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The Distributional Effects of Value Added Tax in Ireland

Author

Listed:
  • EIMEAR LEAHY

    (Economic and Social Research Institute, Dublin)

  • SEÁN LYONS

    (Economic and Social Research Institute Dublin, Trinity College Dublin)

  • RICHARD S. J. TOL

    (Economic and Social Research Institute Dublin, Trinity College Dublin, Institute for Environmental Studies Vrije Universiteit Amsterdam, Department of Spatial Economics Vrije Universiteit Amsterdam)

Abstract

In this paper we examine the distributional effects of Value Added Tax (VAT) in Ireland. Using the 2004/2005 Household Budget Survey, we assess the amount of VAT that households pay as a proportion of weekly disposable income. We measure VAT payments by equivalised income decile, households of different composition and different household sizes. The current system is highly regressive. With the use of a micro-simulation model we also estimate the impact of changing the VAT rate on certain groups of items and the associated change in revenue. We also consider how the imposition of a flat rate across all goods and services would affect households in different categories. The Irish Government has recently announced that it proposes to increase the standard rate of VAT to 22 per cent in 2013 and to 23 per cent in 2014. We examine the distributional implications of such increases. The general pattern of results shows that those hardest hit are households in the first income decile, households in rural areas, 6 person households and households containing a single adult with children.

Suggested Citation

  • Eimear Leahy & Seán Lyons & Richard S. J. Tol, 2011. "The Distributional Effects of Value Added Tax in Ireland," The Economic and Social Review, Economic and Social Studies, vol. 42(2), pages 213-235.
  • Handle: RePEc:eso:journl:v:42:y:2011:i:2:p:213-235
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    References listed on IDEAS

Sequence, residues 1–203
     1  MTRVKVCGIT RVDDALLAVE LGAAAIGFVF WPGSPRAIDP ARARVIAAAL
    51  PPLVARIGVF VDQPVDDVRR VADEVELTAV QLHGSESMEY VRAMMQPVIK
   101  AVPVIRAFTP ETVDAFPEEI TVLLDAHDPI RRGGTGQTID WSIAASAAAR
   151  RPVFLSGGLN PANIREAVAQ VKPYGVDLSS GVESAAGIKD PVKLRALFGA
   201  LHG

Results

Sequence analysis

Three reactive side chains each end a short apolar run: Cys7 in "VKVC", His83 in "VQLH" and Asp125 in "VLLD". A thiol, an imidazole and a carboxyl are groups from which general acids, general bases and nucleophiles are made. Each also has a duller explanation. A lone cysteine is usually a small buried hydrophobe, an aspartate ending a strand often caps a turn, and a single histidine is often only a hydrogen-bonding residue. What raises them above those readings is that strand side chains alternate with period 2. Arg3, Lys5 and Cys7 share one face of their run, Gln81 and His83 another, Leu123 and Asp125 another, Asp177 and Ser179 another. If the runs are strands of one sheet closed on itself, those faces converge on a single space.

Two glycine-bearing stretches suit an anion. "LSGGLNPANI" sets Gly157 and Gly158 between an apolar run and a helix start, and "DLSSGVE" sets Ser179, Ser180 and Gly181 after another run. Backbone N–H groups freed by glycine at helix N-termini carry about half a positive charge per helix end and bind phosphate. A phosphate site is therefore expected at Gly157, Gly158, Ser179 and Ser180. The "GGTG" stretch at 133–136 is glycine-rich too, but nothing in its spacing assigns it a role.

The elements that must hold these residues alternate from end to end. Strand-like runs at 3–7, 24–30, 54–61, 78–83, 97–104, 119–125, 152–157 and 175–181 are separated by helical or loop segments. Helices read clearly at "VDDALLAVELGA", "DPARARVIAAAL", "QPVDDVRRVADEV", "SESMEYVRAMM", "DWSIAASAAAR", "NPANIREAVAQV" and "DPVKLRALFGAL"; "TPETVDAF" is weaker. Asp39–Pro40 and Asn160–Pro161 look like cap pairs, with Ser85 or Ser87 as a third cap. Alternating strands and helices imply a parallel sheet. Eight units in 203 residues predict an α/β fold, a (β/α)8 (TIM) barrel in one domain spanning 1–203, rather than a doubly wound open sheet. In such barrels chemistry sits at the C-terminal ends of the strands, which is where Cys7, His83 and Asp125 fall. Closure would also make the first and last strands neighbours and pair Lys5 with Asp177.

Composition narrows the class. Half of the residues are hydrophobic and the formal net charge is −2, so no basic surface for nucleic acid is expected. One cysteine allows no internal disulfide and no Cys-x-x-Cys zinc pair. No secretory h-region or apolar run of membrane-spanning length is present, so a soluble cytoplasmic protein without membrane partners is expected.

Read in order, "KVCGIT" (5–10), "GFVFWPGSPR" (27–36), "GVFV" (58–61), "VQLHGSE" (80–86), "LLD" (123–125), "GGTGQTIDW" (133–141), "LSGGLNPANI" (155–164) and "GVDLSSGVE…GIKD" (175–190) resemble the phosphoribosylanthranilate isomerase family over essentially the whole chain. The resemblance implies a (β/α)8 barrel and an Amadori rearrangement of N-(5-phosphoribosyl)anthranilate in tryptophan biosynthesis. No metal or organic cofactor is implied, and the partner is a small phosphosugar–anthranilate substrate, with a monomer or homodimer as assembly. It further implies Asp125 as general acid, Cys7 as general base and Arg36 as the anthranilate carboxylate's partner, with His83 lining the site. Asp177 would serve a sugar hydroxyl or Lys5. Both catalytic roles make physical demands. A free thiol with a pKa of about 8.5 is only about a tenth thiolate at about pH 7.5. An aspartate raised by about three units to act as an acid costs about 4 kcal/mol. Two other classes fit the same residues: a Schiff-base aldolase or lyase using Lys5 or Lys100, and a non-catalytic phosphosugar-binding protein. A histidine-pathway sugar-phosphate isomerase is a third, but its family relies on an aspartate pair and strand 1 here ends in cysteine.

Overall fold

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    1. Richard S. J. Tol & Tim Callan & Thomas Conefrey & John FitzGerald & Seán Lyons & Laura Malaguzzi Valeri & Susan Scott, 2008. "A Carbon Tax for Ireland," Papers WP246, Economic and Social Research Institute (ESRI).
    2. Callan, Tim & Lyons, Sean & Scott, Susan & Tol, Richard S.J. & Verde, Stefano, 2009. "The distributional implications of a carbon tax in Ireland," Energy Policy, Elsevier, vol. 37(2), pages 407-412, February.
    3. Tim Callan & Claire Keane & John Walsh, 2010. "What Role for Property Taxes in Ireland?," The Economic and Social Review, Economic and Social Studies, vol. 41(1), pages 87-107.
    4. Verde, Stefano & Tol, Richard S. J., 2009. "The Distributional Impact of a Carbon Tax in Ireland," The Economic and Social Review, Economic and Social Studies, vol. 40(3), pages 317-338.
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    Cited by:

    1. Callan, Tim & Keane, Claire & Savage, Michael & Walsh, John R., 2013. "Distributional Impact of Tax, Welfare and Public Service Pay Policies: Budget 2014 and Budgets 2009-2014," Quarterly Economic Commentary: Special Articles, Economic and Social Research Institute (ESRI).
    2. De Agostini, Paola & Paulus, Alari & Sutherland, Holly & Tasseva, Iva Valentinova, 2014. "The effect of tax-benefit changes on the income distribution in EU countries since the beginning of the economic crisis," EUROMOD Working Papers EM9/14, EUROMOD at the Institute for Social and Economic Research.
    3. Claudio A Agostini & Marcela Perticara & Javiera Selman, 2014. "An Earned Income Tax Proposal for Chile," Working Papers wp_037, Adolfo Ibáñez University, School of Government.
    4. Duffy, David & FitzGerald, John & Timoney, Kevin & Byrne, David, 2013. "Quarterly Economic Commentary, Winter 2013," Forecasting Report, Economic and Social Research Institute (ESRI), number QEC20134, April.
    5. Claudio A., Agostini & Javiera, Selman & Marcela, Perticará, 2013. "Una propuesta de crédito tributario al ingreso para Chile," Estudios Públicos, Centro de Estudios Públicos, vol. 0(129), pages 49-104.
    6. IonuÈ›-Constantin Cuceu, 2016. "The Distributional Effects of Value Added Tax," Ovidius University Annals, Economic Sciences Series, Ovidius University of Constantza, Faculty of Economic Sciences, vol. 0(2), pages 450-454, February.
    7. Thomas, Alastair, 2015. "The Distributional Effects of Consumption Taxes in New Zealand," Working Paper Series 4668, Victoria University of Wellington, Chair in Public Finance.
    8. Wasiu Adekunle Are, 2012. "Poverty-Reducing Directions of Indirect Marginal Tax Reforms in Ireland," Working Papers 201230, School of Economics, University College Dublin.
    9. David (David Patrick) Madden & Michael Savage, 2015. "Which Households Matter Most? Capturing Equity Considerations in Tax Reform via Generalised Social Marginal Welfare Weights," Working Papers 201502, School of Economics, University College Dublin.
    10. Lockwood, Matthew, 2016. "The UK's Levy Control Framework for renewable electricity support: Effects and significance," Energy Policy, Elsevier, vol. 97(C), pages 193-201.
    11. repec:esr:forcas:qec20164 is not listed on IDEAS

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